The Supply Chain and Big Data Analytics

Stephen DeAngelis

July 16, 2013

Edith Simchi-Levi, Vice President of Operations at OPS Rules Partners and wife of the well-known MIT Professor David Simchi-Levi, recently discussed the topic of supply chain analytics with Dustin Mattison. In that interview, she noted good analytics “allows [companies] not only to understand what their business is doing, but also come up with new solutions and ideas for where they are going.” Using analytics correctly, she observed, provides companies with “a huge advantage.” [“The Role of Analytics in Supply Chain and Operations Strategy,” Dustin Mattison’s Blog, 9 June 2013] One often hears the term “big data analytics” and claims that they can lead to actionable insights; but, often the cover isn’t lifted to show what’s behind the term. When Mattison asked Simchi-Levi to define the term, she stated:

“I would say it’s various mathematical techniques that are used to solve problems, and these problems are, for instance, network design, which can use optimization techniques. If you’re doing warehouse design, you would use simulation. If you’re doing forecasting, it involves a lot of statistical methods. Here we see that there’s a deep need to match not only knowledge of mathematical techniques but also knowledge of the domain. This is why there are a lot of opportunities but also it’s not a very simple thing to do.”

Analyzing numbers has been part of the business landscape since cuneiform marks were first pressed into clay tablets; but, the nature of big data analytics is fundamentally different than analytics used in the past. Primarily this is has to do with the size and types of data available to analyze. Simchi-Levi told Mattison that only in recent years have circumstances emerged and techniques been developed that make “analytics in supply chain operations more important and practical.” She explains:

“The first one is that complexity has increased for companies due to globalization and the Internet. Companies have more product, more locations, more channels, and more markets as a part of the mix. This creates a lot of new challenges that require new tools. … The second thing is that there is more data available … from ERP systems and other sources. The third is that the computing speed has increased, as well as database technologies that speed up data access, so analytics are much more practical and deployable. The other thing is that many new methods and techniques that are around but really haven’t been deployed widely, and they can be a huge asset to improve performance. We know that analytics have played an important role in supply chain operations for a long time, applications in demand forecasting, transportation routing, inventory optimization, and network design. This has been around for a while. There are also areas of new opportunity that can benefit, such as supply chain segmentation, risk management, complexity reduction, manufacturing flexibility, all of which are very important to companies. What we see is that there’s a lot of interest from C-level managers in procurement, supply chain operations in using analytic tools to better understand their operations and provide some much-needed improvement.”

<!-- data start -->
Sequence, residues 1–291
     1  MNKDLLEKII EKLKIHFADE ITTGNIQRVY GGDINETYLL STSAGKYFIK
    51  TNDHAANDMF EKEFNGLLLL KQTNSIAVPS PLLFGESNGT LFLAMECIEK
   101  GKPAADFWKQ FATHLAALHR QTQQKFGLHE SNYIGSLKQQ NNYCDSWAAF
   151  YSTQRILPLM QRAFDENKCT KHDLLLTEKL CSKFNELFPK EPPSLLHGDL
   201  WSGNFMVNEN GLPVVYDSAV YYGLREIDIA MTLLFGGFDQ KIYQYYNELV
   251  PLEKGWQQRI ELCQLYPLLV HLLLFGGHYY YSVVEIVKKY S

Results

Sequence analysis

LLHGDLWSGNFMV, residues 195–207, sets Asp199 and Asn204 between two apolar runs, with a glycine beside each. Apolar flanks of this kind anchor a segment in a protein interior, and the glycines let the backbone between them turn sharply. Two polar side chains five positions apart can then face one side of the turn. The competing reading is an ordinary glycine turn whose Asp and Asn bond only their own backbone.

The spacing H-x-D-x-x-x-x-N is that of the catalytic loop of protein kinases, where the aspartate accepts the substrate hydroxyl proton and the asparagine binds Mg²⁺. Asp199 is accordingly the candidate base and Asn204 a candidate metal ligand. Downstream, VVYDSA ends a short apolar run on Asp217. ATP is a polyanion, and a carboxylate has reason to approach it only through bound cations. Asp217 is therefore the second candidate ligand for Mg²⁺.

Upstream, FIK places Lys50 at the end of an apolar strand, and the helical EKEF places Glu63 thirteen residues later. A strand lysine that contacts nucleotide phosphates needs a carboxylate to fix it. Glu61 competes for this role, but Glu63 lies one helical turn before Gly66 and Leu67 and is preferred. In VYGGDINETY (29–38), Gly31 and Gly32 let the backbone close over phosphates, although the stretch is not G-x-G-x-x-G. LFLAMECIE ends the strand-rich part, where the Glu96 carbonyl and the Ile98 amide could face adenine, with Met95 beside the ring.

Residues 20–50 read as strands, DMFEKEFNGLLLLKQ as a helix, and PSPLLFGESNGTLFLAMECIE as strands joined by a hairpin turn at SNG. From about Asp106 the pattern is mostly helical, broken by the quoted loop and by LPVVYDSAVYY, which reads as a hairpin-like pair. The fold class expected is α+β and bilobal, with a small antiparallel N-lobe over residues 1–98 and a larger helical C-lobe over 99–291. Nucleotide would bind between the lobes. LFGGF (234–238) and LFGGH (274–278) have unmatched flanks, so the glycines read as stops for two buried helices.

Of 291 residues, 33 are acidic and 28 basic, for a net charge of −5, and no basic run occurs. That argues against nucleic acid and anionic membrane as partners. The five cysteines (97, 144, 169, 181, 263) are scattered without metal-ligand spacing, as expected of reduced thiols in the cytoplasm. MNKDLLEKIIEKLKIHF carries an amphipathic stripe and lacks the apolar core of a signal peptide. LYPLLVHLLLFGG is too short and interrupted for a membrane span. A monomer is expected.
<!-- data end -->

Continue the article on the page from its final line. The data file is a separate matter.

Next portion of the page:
For several years now, supply chain analyst Lora Cecere has recommended that companies “aggressively use downstream data (e.g., point of sale, warehouse withdrawal, loyalty and retail demographic data)” to improve their business. But she cautions, “It is not as easy as it sounds. There are pitfalls and landmines, and major obstacles to overcome.” [“Three Things I Have Learned About Using Downstream Data,” Supply Chain Shaman, 20 December 2010] Cecere writes that one of the challenges is that many companies believe that the data integration provided by ERP systems is sufficient. She believes data “synchronization” is much more important than data integration. She writes:

“To synchronize and use the data, it must be cleaned, harmonized, and enriched based upon a carefully crafted data architecture and road map. Unfortunately, for many companies, they learn too late that ERP is not the de facto enterprise data model. … Stuffing downstream data into ERP and ignoring this process is like stuffing a square peg into a round hole.”

Cecere agrees with Simchi-Levi that analytics can be used in any number of areas to improve the supply chain; areas like: “sales reporting, category management, trade promotion management, replenishment, demand planning, improved transportation planning, cost to serve and client profitability modeling, inventory reduction and obsolescence reduction, item rationalization, shelf compliance sensing, new product launch success and demand orchestration processes (to translate the demand plan into buying strategies).” Like Simchi-Levi she notes that each use case requires a different approach and a different strategy to be effective.